Commentary

U.S. women still perfect

A hard-fought 1-0 win over North Korea sets the tone for the quarterfinals

Updated: July 31, 2012, 5:03 PM ET
By Jeff Carlisle | ESPN.com

Abby WambachStanley Chou/Getty ImagesAbby Wambach's goal gave the U.S. its first 3-0-0 mark in Olympic group play.

The U.S. women's national team didn't deliver a perfect performance against North Korea, but the 1-0 victory was enough for a third win in three games -- the first perfect run for the U.S. in an Olympics group stage -- and top spot in Group G.

Abby Wambach scored the game's only goal in the 25th minute -- following a slick pass from Alex Morgan -- and with the U.S. dominating possession for almost the entirety of the match, its defense was left to defend just a few half-chances.

That said, the U.S. attack, especially in midfield, didn't look as fluid as it did in defeating France and Colombia. More passes missed their intended target against North Korea, which it must be said employed a kind of tenacious defending that at times strayed over the edge. Substitute Choe Mi Gyong was sent off in the 81st minute following a second yellow card for a late challenge on Lauren Cheney, but there were several other challenges that appeared to be yellow-card worthy.

But overall, the U.S. did what it needed to do on the day and will now wait to see whom it will face in the quarterfinals.

U.S. manager Pia Sundhage named an unchanged lineup from the side that beat Colombia 3-0, though this still counted as something of a surprise with Tobin Heath remaining on the bench at the expense of Heather O'Reilly. North Korean counterpart Sin Ui Gun made three alterations from the team that was hammered by France 5-0: O Chang Ran replaced Jo Yun Mi in goal, Pong Son Hwa slid into the center of defense and Kim Chung Sim resumed her role on the right side of midfield that saw her score twice in the team's 2-0 win over Colombia.

The match started with North Korea clogging the midfield and continually going to ground in a bid to put the U.S. off its game, yet the tactic didn't prevent the Americans from owning the ball. Morgan's fifth-minute effort was touched around the post by O Chang Ran after a layoff from Carli Lloyd. The U.S. striker went close again 10 minutes later after finishing off a series of passes with Wambach but succeeded only in hitting the post.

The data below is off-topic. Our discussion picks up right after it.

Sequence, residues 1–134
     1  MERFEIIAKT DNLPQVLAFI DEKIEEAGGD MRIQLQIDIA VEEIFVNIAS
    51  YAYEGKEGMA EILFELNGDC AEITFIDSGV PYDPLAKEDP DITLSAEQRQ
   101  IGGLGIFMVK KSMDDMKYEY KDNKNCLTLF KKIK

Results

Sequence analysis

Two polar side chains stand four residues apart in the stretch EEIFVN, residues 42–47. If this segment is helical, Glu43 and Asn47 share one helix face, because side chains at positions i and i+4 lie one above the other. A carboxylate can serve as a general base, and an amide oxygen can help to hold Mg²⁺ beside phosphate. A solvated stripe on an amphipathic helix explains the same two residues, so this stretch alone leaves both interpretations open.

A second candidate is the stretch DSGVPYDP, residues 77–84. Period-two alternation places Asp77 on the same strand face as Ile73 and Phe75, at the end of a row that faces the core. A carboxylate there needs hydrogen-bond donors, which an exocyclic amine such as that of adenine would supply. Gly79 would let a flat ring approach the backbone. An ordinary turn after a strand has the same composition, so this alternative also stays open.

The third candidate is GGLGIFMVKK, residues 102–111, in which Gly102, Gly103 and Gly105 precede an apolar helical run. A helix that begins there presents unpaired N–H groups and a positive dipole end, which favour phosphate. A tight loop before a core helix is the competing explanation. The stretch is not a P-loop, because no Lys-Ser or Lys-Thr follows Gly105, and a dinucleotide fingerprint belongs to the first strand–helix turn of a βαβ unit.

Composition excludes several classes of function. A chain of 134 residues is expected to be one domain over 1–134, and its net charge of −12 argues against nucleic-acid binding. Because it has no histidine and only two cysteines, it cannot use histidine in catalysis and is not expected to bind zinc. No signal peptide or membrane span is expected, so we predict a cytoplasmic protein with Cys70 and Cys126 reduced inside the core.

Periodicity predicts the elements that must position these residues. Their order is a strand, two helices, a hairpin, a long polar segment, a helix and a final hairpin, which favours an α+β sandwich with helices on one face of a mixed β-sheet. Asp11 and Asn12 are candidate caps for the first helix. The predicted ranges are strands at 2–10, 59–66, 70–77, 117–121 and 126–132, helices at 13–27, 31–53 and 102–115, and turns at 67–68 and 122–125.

Further upfield, North Korea was doing its best to limit the influence of Cheney via a string of rough challenges. One incident in the 16th minute resulted in Cheney being booked for retaliation after a tackle from Kim Song Hui.

But no matter how physical things got in midfield, Cheney managed to shake loose of North Korea's attentions long enough to set up the U.S. goal in the 25th minute. The U.S. midfielder clipped a ball over the North Korea defense to Morgan, who showed good patience before slipping a ball through to Wambach who scored easily from 7 yards.

The U.S. continued to dominate the match and created a slew of set piece opportunities as a result. Yet the team's best chances came from the run of play. In the 39th minute, Wambach's redirection from Lloyd's deflected drive hit the post. Lloyd should have done better with another chance two minutes later but ballooned her shot over the bar after outstanding work out on the flank by O'Reilly.

Heath was brought on for Megan Rapinoe at halftime and wasted no time in getting involved. A slick buildup that started with O'Reilly's ball-winning tackle ended with Morgan setting up Heath for a clear shot, but her chip sailed harmlessly over the bar.

From there, the game somewhat petered out as the Americans opted to attack more down the middle, battling the heart of the North Korea defense. The quality of the U.S. passing began to erode, as well, allowing North Korea some opportunities to counterattack. Not that it mattered; the American back line managed to deal with the half chances and with a second goal proving hard to come by, Wambach & Co. set about trying to re-establish their attacking rhythm.